If you initially thought 10 mA that would be a logical guess. However, let’s think about this for a minute. Since the bottom or 0 ft is at 4 mA and the top or 40 ft is at 20 mA, the span, or difference between 4 and 20, is only 16, not 20. This “span” is an important number when solving these problems.
Now, if your second guess was 8 mA that would be a logical answer too, but it is also an incorrect response. Yes, 8 is half of 16, but we are not dealing with a span of 0 - 16, we are dealing with a span of 4 - 20. Therefore, half of 16 is 8, but the halfway distance between 4 and 20 is 12! Anyone who guessed 12 mA, give yourself a hand. Whatever read you have on your meter, you must subtract out the 4 mA offset.
Once you understand this the equation is quite simple. The meter read minus the offset divided by the span equals the percent of the value being measured.
- (mA (reading) - 4mA (offset))/ 16 mA (span) (20 - 4) = percent of the parameter being measured
Let’s use the 40 ft tank example to illustrate the solution.
In a 40 ft tall tank, a 10 mA reading was collected for the height of the water level in the tank.
- (10mA (reading) - 4mA (offset))/16 mA (span) = 6 mA/16 mA = 0.375 or 37.5% full
If the tank is 37.5% full then multiply this percentage by the total height.
- 0.375 x 40 ft = 15 ft
A 4-20 mA signal is being used to measure the water level in a water storage tank. The tank is 32 feet tall and the low-level signal is set at 0 feet and the high level at 32 feet. What is the level in the tank with a 15 mA reading?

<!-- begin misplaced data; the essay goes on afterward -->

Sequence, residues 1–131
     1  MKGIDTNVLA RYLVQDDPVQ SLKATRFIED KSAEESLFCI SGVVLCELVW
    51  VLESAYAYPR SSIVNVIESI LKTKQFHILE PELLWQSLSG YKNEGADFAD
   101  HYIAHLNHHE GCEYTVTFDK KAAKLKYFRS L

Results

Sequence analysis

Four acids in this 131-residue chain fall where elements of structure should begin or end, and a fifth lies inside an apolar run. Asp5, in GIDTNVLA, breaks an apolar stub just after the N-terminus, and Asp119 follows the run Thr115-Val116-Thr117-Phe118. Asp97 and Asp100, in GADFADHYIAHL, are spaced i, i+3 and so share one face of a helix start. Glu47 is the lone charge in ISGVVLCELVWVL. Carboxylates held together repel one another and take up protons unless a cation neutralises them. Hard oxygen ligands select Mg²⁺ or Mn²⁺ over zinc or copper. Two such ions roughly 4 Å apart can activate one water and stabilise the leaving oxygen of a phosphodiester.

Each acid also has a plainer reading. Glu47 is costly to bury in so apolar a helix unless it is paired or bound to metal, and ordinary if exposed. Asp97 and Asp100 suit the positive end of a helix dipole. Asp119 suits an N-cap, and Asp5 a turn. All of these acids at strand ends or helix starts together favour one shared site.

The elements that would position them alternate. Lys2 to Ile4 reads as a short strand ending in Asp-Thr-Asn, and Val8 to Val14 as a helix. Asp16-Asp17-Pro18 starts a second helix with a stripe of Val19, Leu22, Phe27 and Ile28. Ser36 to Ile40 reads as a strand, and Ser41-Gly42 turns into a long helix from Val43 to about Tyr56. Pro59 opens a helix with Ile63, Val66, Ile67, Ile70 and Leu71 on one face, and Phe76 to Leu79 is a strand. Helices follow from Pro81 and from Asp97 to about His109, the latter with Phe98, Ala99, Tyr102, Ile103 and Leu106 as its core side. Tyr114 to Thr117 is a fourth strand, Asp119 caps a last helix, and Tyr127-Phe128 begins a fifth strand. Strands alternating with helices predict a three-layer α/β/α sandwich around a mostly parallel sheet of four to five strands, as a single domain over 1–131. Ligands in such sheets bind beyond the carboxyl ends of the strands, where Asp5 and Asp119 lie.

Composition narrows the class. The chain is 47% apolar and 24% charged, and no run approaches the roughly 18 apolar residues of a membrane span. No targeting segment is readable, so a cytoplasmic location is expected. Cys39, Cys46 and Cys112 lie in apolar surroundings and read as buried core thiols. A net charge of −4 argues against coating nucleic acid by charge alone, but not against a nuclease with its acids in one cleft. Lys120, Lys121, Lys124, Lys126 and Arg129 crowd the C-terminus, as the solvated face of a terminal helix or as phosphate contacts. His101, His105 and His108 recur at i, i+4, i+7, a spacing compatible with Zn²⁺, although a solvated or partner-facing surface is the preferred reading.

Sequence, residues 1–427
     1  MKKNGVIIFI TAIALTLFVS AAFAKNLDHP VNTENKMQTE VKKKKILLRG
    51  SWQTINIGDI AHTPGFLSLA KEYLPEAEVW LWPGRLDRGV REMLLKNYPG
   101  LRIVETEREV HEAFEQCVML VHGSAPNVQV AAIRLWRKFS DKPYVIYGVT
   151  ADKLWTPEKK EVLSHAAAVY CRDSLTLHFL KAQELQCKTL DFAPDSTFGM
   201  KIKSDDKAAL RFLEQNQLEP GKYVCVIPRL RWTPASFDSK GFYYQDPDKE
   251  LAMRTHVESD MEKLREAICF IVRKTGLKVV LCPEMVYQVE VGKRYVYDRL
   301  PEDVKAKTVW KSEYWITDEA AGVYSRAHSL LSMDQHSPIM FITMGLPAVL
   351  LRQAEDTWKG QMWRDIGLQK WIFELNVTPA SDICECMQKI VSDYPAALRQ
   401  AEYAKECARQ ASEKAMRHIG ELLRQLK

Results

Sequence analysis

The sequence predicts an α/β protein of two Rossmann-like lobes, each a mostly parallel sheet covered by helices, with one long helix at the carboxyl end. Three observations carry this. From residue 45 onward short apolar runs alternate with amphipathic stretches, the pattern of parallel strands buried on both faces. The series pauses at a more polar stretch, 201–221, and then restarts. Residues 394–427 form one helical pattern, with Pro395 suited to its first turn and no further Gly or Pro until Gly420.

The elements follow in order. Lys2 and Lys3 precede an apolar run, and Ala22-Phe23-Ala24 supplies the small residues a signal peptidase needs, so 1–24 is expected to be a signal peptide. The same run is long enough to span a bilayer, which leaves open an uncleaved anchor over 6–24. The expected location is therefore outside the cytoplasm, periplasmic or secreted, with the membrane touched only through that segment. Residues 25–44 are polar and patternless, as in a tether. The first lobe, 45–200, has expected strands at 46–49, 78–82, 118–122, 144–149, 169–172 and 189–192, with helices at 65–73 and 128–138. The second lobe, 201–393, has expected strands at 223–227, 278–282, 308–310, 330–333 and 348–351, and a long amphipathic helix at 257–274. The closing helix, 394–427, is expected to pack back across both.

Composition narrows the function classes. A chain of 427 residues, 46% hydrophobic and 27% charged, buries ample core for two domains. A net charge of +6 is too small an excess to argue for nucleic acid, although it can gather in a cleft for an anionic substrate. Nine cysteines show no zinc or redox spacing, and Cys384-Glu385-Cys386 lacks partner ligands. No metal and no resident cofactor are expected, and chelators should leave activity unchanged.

A 75 ft tall water tank uses a 4-20 mA signal for calculating the water level. If the 4 mA level is set at 4 feet from the bottom and the 20 mA is set at 4 feet from the top, what is the level in the tank with a 10 mA reading?
A chlorine analyzer uses a 4-20 mA signal to monitor the chlorine residual. The 4-20 mA range is 0.5 mg/l – 3.5 mg/L respectively. If the reading is 6 mA, what is the corresponding residual in mg/L?
A water tank is 45 ft tall and has 32 ft of water in it. If the 4-20 mA set points are at 2 ft and 42 ft respectively, what is the mA reading?
A water tank with a 120 ft diameter is 32 ft tall. The 4-20 mA set points are 3 ft and 29 ft respectively. If the current level reading is 17 mA, how many gallons of water are in the tank?
A utility uses a 4-20 mA signal to determine the level in a well based on pressures. The set points are based on pressures in psi below ground surface (bgs). The 20 mA signal is set at 182 psi bgs and the 4 mA signal at 10 psi bgs. If the reading is 9 mA, what is the water level in feet?
A water utility uses a 4-20 mA signal to determine groundwater elevations in a well. The set points are based on actually elevations above the mean sea level (MSL). The ground surface elevation at this well is 1,180 ft and this is where the 4 mA signal is set. The 20 mA signal is set at 930 ft. What is the elevation and the feet bgs with a18 mA reading?
A chemical injection system is monitored with a 4-20 mA signal. The reading is 14 mA at 2.45 mg/L and the 4 mA set point is at 0.4 mg/L. What is the 20 mA set point?